Data from: Evolution of the latitudinal gradient in the hyperdiverse ant genus Pheidole
Aim: The latitudinal diversity gradient is the dominant pattern of life on Earth, but a consensus understanding of its origins has remained elusive. The analysis of recently diverged, hyper-rich invertebrate groups provides an opportunity to investigate latitudinal patterns with the statistical power of large trees while minimizing potentially confounding variation in ecology and history. Here, we synthesize global phylogenetic and macroecological data on a hyperdiverse (>1100 species) ant radiation, Pheidole, and test predictions of three general explanations for the latitudinal gradient: variation in diversification rates, tropical conservatism, and ecological regulation. Location: Global. Time Period: The past 35 million years. Major taxa studied: The hyperdiverse ant genus Pheidole Westwood. Methods: We assembled geographic data for 1499 species and morphospecies, and inferred a dated phylogeny for 449 species of the Pheidole, including 167 species newly sequenced for this study. We tested for correlations between diversification rate and latitude with BAMM, HiSSE, GeoSSE, and FiSSE, evaluated evidence for richness steady state, and examined patterns of diversification as Pheidole spread around the globe. Results: There was no evidence of systematic variation of net diversification rates with latitude across any of the methods. We found that Pheidole diversification occurred in bursts when new continents were colonized, followed by a slowdown in each region, but there is no evidence richness has saturated at an equilibrium in any region. Additionally, we found latitudinal affinity is moderately conserved with a Neotropical ancestor and simulations show that phylogenetic inertia alone is sufficient to produce the gradient pattern. Main Conclusions: Our results provide no evidence that diversification rates vary systematically with latitude. Richness is far from steady state in each region, contrary to the ecological regulation hypothesis, although there is evidence that ecological opportunity promotes diversification after colonization of new areas. The fact that niche conservatism is strong enough to produce the gradient pattern is in accord with the tropical conservatism hypothesis. Overall, these results shed light on the mechanisms underlying the emergence of the diversity gradient within the past 34 million years, complementing recent work on deeper timescales, and more generally contribute toward a much-needed invertebrate perspective on global biodiversity dynamics.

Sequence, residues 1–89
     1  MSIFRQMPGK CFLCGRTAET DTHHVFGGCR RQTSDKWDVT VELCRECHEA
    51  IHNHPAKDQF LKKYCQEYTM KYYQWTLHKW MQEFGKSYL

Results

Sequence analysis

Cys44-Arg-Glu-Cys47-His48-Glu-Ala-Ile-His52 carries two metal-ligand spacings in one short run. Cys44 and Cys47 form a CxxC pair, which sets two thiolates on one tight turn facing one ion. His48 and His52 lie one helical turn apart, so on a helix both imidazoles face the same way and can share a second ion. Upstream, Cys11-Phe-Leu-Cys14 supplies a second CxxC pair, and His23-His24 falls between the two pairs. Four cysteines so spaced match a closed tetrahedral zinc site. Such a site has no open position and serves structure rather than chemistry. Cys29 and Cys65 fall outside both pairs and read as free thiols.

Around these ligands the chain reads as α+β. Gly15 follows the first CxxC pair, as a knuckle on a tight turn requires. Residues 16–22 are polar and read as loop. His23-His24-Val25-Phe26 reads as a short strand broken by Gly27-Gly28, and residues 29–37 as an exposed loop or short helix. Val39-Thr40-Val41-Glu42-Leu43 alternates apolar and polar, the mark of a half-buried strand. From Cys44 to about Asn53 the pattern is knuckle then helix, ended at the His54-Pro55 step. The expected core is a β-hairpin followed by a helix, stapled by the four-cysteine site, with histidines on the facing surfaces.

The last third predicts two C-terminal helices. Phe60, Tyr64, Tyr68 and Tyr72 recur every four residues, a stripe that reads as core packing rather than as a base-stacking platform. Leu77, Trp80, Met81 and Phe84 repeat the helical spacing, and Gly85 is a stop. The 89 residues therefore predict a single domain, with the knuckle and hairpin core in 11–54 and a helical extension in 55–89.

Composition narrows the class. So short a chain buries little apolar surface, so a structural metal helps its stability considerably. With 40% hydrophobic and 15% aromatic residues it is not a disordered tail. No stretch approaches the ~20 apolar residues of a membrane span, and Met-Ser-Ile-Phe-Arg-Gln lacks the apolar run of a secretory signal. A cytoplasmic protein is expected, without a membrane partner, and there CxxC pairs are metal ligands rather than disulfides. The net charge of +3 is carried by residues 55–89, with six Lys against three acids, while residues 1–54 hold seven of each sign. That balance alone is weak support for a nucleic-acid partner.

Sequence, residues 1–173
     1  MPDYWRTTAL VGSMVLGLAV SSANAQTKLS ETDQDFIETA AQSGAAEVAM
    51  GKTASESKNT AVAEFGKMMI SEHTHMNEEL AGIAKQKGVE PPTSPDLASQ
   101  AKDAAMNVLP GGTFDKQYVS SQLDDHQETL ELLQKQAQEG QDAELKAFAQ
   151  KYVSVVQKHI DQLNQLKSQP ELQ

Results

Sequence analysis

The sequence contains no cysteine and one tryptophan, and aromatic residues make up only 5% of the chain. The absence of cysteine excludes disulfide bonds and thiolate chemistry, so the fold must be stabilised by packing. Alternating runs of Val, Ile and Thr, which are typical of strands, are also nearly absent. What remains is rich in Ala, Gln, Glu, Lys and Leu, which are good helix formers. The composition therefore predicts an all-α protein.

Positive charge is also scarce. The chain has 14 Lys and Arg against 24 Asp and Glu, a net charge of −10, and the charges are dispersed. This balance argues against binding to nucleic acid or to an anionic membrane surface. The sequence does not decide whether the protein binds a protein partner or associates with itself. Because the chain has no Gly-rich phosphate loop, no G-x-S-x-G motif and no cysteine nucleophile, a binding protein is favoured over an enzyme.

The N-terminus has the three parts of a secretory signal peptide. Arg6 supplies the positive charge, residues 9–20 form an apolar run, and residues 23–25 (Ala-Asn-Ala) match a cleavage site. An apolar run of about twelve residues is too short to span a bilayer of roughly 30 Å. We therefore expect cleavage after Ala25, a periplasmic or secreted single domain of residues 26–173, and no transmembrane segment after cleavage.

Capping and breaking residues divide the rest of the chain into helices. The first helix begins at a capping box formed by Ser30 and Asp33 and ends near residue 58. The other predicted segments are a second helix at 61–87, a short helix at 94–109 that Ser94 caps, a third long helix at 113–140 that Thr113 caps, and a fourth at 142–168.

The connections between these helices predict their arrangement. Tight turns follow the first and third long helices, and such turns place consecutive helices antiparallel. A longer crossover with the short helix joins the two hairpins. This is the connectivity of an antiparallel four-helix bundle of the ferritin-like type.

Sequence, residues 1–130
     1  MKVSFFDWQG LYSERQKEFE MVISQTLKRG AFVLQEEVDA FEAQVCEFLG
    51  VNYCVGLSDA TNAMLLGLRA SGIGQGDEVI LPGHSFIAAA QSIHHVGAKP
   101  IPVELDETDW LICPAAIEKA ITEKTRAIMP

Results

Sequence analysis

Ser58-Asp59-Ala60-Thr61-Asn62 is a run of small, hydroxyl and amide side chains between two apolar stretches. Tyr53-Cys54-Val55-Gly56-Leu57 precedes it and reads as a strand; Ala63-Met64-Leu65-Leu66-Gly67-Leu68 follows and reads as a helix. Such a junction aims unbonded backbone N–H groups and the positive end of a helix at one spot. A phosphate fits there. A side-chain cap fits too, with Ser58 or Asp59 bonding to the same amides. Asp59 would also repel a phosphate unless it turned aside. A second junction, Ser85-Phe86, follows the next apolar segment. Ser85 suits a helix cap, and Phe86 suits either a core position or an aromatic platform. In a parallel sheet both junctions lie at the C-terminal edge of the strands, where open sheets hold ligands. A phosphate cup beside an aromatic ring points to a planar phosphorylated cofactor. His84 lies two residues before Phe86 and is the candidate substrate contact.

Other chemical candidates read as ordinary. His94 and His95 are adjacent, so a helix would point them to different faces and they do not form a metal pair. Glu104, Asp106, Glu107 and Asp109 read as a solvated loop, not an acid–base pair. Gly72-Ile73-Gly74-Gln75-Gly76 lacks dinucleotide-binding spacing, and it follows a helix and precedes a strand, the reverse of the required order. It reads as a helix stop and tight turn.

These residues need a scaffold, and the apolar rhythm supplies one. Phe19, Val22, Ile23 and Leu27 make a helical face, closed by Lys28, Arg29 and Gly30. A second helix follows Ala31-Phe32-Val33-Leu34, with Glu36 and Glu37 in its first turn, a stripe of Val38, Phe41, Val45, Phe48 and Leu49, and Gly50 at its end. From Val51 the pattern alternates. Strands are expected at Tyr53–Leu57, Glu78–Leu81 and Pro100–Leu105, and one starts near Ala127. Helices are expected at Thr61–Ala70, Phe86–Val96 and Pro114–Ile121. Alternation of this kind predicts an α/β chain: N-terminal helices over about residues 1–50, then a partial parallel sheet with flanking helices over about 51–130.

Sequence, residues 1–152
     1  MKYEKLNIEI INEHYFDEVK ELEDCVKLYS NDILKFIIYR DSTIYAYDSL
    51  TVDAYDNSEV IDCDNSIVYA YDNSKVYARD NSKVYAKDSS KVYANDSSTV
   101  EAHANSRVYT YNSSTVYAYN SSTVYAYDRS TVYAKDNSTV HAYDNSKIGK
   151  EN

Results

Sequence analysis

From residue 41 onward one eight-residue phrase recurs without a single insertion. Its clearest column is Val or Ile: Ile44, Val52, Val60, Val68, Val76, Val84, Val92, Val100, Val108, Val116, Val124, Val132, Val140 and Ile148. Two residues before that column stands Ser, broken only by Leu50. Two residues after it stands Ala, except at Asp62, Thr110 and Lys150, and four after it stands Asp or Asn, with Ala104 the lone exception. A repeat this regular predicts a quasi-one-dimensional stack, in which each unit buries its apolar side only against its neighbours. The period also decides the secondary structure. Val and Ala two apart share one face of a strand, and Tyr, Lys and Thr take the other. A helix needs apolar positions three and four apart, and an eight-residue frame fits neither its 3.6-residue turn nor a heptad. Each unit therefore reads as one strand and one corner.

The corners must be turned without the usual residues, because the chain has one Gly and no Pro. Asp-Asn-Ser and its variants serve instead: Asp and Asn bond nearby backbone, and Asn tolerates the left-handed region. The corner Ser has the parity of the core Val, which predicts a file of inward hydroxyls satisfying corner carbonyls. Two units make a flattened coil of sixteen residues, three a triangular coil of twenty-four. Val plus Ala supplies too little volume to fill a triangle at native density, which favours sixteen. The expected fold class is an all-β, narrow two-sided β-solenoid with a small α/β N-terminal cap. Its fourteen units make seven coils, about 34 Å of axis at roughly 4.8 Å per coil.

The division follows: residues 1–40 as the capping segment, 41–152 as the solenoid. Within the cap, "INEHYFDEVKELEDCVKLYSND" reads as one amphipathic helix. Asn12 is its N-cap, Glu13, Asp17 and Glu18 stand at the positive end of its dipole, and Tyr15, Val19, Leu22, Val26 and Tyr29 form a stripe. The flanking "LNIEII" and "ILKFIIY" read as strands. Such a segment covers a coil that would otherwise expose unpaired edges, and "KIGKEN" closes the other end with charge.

National Science Foundation,